Despite this, permits by firms across the city grew by nearly 60 percent compared to 2022, with 1,088 renovation filings by the top 10 firms alone.

Alteration revelation

Once again, International architecture firm Gensler ranks above the rest in alteration projects in the Big Apple, projecting more than $681 million in initial costs for its 230 projects across the five boroughs.

The largest stand-out projects within that tally included a multi-floor building overhaul at 40 Worth Street in Tribeca, which serves as the East Coast headquarters for The Gap, as well as an array of nonprofits including the Legal Aid Society, the Acumen Fund and the Innocence Project. Gensler is also overseeing several renovations at the Morgan Stanley Building at 1585 Broadway.

The firm, which masterminded that building’s interior along with Gwathmey Siegel, was tapped again last year to oversee more than $125 million of renovation work on the second, fourth, eighth, ninth and 10th floors of the investment bank’s 42-story global headquarters.

Jumping two spots into second place was TPG Architecture. Like Gensler, the 44-year-old firm’s extensive portfolio runs the gamut, covering corporate office buildouts and renovations as well as luxury retail, hospitality and health care. Recent jobs include a 120,000-square-foot renovation for JLL’s Mutual of America Building at 320 Park Avenue, as well as a 523,000-square-foot alteration at 498 Seventh Avenue in Times Square South.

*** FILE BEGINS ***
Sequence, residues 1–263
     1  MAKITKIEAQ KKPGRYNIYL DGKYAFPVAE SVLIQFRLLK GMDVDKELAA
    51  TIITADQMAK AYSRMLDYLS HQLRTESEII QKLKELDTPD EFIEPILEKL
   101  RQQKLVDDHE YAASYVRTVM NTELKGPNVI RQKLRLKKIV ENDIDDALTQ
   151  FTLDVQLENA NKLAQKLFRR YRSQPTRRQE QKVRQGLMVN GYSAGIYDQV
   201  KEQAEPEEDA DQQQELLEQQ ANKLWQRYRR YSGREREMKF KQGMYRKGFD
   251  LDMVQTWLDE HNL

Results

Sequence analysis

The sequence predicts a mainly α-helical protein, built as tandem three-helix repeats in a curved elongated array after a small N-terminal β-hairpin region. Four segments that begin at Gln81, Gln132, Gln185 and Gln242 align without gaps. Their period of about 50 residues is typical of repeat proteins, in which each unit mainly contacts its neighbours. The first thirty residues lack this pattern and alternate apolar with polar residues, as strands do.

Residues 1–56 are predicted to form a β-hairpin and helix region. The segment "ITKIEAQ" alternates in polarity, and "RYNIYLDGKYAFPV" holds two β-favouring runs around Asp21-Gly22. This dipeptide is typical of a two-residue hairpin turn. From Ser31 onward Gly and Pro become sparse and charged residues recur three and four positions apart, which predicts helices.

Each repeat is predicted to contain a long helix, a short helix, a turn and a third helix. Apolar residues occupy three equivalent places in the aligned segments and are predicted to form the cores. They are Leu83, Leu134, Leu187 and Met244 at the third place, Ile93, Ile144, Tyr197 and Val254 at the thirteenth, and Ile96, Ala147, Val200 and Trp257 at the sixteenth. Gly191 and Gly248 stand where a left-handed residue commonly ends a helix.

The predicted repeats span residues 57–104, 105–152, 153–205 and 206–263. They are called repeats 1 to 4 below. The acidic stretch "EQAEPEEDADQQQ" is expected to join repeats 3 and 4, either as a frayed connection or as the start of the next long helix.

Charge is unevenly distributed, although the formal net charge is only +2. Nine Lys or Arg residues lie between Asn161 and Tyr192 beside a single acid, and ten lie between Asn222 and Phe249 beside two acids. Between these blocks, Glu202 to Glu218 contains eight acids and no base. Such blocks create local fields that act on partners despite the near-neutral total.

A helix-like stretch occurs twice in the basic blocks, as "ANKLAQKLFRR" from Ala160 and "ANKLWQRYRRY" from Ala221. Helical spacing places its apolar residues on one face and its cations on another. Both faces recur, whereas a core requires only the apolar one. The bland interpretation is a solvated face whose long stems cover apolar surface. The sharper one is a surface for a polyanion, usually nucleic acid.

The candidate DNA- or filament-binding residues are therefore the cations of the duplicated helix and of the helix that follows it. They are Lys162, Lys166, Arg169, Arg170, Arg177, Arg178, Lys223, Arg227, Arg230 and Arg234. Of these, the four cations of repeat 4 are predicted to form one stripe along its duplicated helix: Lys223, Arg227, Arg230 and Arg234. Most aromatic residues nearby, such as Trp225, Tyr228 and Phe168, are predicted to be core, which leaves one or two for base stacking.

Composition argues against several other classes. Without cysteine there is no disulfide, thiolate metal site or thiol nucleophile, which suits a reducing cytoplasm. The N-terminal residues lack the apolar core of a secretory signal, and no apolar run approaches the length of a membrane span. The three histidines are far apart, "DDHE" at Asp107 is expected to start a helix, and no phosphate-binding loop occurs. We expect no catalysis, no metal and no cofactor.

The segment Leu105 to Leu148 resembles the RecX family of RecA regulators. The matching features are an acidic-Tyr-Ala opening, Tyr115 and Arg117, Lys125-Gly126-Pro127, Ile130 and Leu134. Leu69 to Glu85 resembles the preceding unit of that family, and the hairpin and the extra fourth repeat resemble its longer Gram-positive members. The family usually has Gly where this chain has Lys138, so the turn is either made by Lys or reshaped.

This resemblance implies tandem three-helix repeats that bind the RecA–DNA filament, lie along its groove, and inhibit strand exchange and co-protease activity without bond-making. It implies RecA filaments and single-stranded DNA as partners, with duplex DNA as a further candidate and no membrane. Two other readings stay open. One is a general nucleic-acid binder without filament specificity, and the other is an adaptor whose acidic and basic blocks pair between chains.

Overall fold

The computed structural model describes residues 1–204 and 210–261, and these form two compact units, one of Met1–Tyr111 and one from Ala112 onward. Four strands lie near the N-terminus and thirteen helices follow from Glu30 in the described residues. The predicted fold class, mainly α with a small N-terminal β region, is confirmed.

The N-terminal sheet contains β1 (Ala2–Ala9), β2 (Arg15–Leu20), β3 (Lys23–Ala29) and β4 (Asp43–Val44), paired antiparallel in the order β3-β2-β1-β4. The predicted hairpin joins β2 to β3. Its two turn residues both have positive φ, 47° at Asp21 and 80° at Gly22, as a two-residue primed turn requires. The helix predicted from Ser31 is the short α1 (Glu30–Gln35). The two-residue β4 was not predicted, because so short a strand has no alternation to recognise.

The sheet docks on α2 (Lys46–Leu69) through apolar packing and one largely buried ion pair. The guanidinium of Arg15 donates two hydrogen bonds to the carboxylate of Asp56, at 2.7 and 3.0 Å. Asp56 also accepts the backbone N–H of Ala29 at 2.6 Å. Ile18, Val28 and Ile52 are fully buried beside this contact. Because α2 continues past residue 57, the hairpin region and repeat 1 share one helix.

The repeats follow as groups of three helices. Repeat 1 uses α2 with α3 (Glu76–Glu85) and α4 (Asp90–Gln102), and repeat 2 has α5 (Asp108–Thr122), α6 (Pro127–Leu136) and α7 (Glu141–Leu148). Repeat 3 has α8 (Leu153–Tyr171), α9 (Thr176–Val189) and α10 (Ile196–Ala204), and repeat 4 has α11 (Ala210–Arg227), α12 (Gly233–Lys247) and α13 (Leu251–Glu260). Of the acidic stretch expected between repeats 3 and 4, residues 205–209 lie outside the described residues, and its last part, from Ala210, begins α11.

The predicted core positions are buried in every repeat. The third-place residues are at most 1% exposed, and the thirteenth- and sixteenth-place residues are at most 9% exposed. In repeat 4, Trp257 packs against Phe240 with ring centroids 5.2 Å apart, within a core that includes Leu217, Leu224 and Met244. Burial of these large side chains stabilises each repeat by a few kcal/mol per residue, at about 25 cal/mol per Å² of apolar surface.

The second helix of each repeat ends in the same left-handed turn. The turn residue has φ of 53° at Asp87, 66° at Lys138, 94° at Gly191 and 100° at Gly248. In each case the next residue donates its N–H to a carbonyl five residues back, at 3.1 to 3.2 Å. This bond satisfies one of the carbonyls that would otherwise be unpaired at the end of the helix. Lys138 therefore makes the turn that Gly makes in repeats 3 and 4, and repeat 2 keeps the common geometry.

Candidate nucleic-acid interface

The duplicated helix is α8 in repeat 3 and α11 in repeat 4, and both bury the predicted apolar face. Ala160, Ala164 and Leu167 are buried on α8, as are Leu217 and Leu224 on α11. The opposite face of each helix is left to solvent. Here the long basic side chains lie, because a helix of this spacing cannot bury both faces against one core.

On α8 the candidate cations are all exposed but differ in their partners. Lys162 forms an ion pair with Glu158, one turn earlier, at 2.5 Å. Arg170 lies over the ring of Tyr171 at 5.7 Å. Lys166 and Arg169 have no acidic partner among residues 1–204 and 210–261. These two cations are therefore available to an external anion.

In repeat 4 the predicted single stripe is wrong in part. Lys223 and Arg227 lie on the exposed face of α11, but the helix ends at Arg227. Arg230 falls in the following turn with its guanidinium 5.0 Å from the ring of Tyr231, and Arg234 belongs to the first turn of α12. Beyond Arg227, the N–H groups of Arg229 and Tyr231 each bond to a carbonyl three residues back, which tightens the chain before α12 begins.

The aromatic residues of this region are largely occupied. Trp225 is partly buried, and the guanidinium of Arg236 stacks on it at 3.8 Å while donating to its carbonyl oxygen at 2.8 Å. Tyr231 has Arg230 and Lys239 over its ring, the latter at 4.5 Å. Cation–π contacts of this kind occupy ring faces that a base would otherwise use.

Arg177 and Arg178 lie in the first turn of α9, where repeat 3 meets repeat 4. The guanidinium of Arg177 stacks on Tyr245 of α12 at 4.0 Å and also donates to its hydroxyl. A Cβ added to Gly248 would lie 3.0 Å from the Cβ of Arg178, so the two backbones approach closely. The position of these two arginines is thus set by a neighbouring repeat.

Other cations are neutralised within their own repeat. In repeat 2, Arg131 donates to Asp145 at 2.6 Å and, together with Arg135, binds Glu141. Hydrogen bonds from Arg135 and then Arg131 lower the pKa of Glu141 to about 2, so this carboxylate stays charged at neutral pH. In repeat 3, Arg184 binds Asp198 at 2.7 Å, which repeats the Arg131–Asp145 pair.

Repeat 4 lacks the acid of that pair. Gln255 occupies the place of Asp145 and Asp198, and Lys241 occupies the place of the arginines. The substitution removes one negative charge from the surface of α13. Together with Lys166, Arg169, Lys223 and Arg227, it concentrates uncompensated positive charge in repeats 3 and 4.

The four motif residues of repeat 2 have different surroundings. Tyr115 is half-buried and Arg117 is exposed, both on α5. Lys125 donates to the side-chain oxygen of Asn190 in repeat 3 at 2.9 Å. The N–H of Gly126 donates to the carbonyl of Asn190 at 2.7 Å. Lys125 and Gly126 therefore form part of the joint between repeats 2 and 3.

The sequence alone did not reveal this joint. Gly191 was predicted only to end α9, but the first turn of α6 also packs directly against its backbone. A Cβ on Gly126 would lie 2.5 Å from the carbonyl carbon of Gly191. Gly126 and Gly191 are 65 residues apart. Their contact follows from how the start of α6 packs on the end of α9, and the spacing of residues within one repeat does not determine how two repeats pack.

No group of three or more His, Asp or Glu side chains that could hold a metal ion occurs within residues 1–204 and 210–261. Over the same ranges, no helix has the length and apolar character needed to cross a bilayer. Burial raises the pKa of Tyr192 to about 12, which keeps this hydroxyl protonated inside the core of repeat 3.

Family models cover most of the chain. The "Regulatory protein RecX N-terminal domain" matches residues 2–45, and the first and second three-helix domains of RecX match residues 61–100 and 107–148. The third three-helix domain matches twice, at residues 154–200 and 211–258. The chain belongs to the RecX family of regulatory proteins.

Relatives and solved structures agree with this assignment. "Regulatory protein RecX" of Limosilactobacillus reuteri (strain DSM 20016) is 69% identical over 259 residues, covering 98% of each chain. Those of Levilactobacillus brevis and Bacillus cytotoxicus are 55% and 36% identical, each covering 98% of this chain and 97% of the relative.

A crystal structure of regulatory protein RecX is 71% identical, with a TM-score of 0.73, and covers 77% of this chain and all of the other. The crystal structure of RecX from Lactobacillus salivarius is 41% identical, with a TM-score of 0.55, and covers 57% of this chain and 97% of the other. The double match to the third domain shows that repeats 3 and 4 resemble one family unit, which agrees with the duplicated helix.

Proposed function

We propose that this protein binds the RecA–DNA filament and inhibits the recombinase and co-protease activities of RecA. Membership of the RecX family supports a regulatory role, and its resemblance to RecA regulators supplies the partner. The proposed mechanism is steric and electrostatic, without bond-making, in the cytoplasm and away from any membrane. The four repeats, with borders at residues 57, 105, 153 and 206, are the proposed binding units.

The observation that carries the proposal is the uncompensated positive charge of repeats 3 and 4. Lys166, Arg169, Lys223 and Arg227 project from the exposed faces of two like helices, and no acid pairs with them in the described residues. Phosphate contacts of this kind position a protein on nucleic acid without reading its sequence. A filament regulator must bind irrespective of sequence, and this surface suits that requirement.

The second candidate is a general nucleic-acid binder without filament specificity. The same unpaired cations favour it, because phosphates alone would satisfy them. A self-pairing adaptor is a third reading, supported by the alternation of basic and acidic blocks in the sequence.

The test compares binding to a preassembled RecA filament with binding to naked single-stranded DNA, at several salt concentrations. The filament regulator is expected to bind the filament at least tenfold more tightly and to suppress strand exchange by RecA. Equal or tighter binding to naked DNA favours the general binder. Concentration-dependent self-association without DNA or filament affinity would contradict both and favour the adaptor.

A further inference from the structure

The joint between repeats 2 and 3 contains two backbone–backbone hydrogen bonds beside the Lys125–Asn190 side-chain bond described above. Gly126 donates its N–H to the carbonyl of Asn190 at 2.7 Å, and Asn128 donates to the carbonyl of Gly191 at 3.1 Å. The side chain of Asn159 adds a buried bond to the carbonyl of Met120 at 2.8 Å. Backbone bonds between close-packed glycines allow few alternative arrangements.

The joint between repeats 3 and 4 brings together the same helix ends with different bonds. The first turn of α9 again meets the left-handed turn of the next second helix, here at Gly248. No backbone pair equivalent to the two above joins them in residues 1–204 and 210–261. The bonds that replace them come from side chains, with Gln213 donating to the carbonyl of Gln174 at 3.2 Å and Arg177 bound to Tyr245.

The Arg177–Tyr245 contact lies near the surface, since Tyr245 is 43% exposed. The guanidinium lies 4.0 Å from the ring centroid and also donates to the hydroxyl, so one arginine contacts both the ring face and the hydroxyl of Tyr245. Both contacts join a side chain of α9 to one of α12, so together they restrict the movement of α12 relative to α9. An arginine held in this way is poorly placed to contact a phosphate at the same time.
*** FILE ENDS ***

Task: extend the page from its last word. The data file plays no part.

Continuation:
Ted Moudis Associates, at No. 3,  improved its position in the list significantly thanks in large part to a 210,000-square-foot alteration at Paramount Group’s Crédit Agricole CIB building at 1301 Sixth Avenue. A block  away, the firm has logged a $26.5 million job renovating nearly 100,000 square feet at Brookfield Properties’ 660 Fifth Avenue.

On the other end of the spectrum, a different set of firms racked up square footage for new builds that will transform the city.

Ground up

The top 10 architecture firms across the city filed for 145 new projects — a collective 4.7 million square feet of development. 

New York City-based Hill West Architects stands atop its competitors with more than 1 million square feet planned, primarily in Queens and Brooklyn. 

Those jobs include Silverstein Properties’ 427,000-square-foot mixed-use project on a triangular plot at 44-01 Northern Boulevard in Astoria, Queens, which plans to offer 351 one- and two-bedroom apartments and 25,000 square feet of retail space, and Naftali Group’s 22-story two-tower project at 480 and 490 Kent Avenue along the East River in Williamsburg.

S. Wieder Architects secured its second-place spot with 17 permits covering a combined 1,019,000 square feet, which include a 236,000-square-foot mixed-use project by developer Chess Builders in Brooklyn’s Vinegar Hill that’s slated to offer 218 apartments, 66 of which will be affordable.

J. Frankl Architects had a strong showing as well, coming in at No. 3 with filings for more than 700,000 square feet in new builds, mostly attributable to a 23-story, 488,000-square-foot building at 147-35 95th Ave in Queens, near the Van Wyck Expressway and the Long Island Rail Road’s Jamaica Yard.

The rankings show an abundance of activity that points to growing improvements rather than growing pains.

Looking ahead to next year, the city’s most successful architects are optimistic about new business but wary of political inaction that may cause stagnation in the industry, pointing to tax incentive programs in other states that have helped developers make the jump on office-to-residential conversions.

“I’m hoping New York City follows suit,” ODA’s Chen said.